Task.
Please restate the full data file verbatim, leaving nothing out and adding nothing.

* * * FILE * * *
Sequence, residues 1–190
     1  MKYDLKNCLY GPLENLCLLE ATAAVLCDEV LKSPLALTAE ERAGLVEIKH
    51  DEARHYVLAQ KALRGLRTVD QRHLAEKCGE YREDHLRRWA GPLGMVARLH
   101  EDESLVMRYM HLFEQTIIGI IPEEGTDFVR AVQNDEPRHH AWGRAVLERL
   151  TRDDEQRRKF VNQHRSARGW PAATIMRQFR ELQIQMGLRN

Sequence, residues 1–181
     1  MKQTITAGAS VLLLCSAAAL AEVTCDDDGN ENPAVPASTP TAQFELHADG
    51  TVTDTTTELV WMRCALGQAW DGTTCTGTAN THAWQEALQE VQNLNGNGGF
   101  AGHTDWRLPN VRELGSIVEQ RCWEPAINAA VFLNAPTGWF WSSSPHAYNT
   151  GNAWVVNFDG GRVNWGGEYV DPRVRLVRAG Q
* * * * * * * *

Sequence, residues 1–190
     1  MKYDLKNCLY GPLENLCLLE ATAAVLCDEV LKSPLALTAE ERAGLVEIKH
    51  DEARHYVLAQ KALRGLRTVD QRHLAEKCGE YREDHLRRWA GPLGMVARLH
   101  EDESLVMRYM HLFEQTIIGI IPEEGTDFVR AVQNDEPRHH AWGRAVLERL
   151  TRDDEQRRKF VNQHRSARGW PAATIMRQFR ELQIQMGLRN

Sequence, residues 1–181
     1  MKQTITAGAS VLLLCSAAAL AEVTCDDDGN ENPAVPASTP TAQFELHADG
    51  TVTDTTTELV WMRCALGQAW DGTTCTGTAN THAWQEALQE VQNLNGNGGF
   101  AGHTDWRLPN VRELGSIVEQ RCWEPAINAA VFLNAPTGWF WSSSPHAYNT
   151  GNAWVVNFDG GRVNWGGEYV DPRVRLVRAG Q